Energy Storage System May be the Missing Link between Intermittent DG and Utility Grid

On April 21, 2008, the U.S. Department of Energy announced that it will invest up to $50 million over five years in nine demonstration projects which will show how peak demand can be reduced by up to 15 percent at the distribution feeder grids—the power lines which deliver electricity to consumers. Most of these projects incorporate multiple forms of distributed generation, advanced communications, and energy storage.

A Canadian company called VRB Power Systems, has been selected to work on one of these projects—reducing peak power needs at the Santa Rita jail in California. VRB has developed a state-of-the-art energy storage system (called VRB-ESS) that can serve as a buffer between the non-firm, fluctuating supply of intermittent wind and PV generators and the firm requirements of a utility power contract. A stabilized supply means a distributed generator can offer a wider variety of energy “products” to the utility at a higher price. VRB recently published an Executive Summary which describes its energy storage system—a regenerative fuel cell battery which can convert large amounts of electrical energy into chemical energy and vice versa.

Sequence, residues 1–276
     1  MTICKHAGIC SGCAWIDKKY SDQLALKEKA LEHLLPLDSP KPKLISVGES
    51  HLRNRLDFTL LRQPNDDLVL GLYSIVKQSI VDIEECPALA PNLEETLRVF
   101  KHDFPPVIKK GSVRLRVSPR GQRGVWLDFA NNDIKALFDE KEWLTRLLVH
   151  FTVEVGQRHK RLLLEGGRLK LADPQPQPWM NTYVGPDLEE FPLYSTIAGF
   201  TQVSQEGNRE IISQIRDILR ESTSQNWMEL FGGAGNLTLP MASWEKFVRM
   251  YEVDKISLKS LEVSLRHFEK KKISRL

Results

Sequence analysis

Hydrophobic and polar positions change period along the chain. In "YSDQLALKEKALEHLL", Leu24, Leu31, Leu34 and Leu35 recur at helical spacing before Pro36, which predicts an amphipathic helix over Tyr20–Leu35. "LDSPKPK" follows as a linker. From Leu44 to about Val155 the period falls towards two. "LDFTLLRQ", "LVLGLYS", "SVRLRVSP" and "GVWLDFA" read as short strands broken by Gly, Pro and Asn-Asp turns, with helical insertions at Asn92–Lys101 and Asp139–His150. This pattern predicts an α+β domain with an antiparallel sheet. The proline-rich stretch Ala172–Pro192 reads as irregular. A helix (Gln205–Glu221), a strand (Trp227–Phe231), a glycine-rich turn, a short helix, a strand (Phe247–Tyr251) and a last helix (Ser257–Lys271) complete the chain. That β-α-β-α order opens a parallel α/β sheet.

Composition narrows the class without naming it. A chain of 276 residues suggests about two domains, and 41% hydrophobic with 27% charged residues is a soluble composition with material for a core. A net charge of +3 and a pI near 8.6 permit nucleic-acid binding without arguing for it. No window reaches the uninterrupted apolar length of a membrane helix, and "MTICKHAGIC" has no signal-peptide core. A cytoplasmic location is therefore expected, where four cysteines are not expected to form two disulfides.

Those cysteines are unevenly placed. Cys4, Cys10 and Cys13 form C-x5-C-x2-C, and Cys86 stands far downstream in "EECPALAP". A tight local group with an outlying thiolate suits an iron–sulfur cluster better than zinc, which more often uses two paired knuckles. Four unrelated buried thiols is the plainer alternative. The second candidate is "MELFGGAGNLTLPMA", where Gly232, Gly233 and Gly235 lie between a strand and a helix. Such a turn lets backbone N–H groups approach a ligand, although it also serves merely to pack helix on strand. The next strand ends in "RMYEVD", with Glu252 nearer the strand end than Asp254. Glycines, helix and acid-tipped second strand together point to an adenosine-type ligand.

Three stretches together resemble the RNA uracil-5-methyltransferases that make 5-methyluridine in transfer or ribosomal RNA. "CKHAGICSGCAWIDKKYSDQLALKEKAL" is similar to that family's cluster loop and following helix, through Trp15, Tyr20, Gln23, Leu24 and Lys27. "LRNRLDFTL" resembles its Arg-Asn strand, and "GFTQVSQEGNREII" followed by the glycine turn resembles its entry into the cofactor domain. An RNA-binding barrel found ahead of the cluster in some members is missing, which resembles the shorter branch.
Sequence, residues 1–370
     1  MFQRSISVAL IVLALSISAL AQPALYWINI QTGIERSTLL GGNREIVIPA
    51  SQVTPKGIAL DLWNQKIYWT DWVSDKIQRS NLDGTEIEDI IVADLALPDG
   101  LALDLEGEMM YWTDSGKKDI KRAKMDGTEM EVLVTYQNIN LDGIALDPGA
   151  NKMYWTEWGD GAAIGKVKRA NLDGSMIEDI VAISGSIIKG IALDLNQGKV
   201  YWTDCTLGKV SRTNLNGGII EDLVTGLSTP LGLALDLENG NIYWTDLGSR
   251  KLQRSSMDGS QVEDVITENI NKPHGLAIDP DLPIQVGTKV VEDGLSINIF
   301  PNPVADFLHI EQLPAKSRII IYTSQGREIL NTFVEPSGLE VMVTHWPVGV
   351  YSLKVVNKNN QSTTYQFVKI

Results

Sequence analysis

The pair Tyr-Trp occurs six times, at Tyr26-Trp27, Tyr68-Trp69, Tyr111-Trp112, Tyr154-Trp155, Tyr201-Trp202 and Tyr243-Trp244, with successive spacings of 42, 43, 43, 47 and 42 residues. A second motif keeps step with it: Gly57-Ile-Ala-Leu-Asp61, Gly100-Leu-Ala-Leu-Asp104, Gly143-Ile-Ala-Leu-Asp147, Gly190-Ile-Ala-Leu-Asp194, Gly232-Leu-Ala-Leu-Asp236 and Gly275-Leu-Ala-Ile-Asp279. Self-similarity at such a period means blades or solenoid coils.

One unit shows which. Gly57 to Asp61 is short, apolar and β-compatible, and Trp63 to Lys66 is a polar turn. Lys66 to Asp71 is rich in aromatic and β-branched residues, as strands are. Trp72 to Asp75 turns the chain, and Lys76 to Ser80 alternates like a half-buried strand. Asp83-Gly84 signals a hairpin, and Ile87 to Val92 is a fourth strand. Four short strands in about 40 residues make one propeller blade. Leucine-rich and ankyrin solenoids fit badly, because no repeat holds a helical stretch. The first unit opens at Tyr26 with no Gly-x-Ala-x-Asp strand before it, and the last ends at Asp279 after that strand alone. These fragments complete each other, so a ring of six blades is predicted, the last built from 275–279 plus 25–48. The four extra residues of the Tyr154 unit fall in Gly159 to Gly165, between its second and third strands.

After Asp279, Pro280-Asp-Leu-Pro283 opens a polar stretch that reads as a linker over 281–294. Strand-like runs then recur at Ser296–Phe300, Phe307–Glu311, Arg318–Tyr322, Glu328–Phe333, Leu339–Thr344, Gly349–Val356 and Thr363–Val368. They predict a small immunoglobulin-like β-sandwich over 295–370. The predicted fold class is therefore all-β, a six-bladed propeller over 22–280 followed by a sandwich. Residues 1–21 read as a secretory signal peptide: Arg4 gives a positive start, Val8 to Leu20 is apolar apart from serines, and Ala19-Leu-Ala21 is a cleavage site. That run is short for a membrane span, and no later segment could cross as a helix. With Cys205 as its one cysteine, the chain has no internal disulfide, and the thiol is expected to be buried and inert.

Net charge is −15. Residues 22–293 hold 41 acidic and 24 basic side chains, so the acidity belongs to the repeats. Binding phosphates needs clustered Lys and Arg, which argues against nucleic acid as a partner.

The grid applications of this technology include: load leveling and peak shaving; ancillary services to utilities, such as spinning and standby reserves, reactive power, blackstart, and frequency control; electric power arbitrage—allowing power to be bought and stored during low-cost off-peak periods and sold during high-value on-peak periods; relief within grid-constrained load-pockets; deferral of capital investments; and many other services.

Until recently, power storage has not been economically practical. However, the large-scale and high-capacity capabilities of the VRB-ESS system has provided a fundamental shift in thinking about the way power systems can be designed, or modified, and operated. The VRB-ESS technology has been demonstrated at 16 sites around the world and is now in its early commercialization phase.


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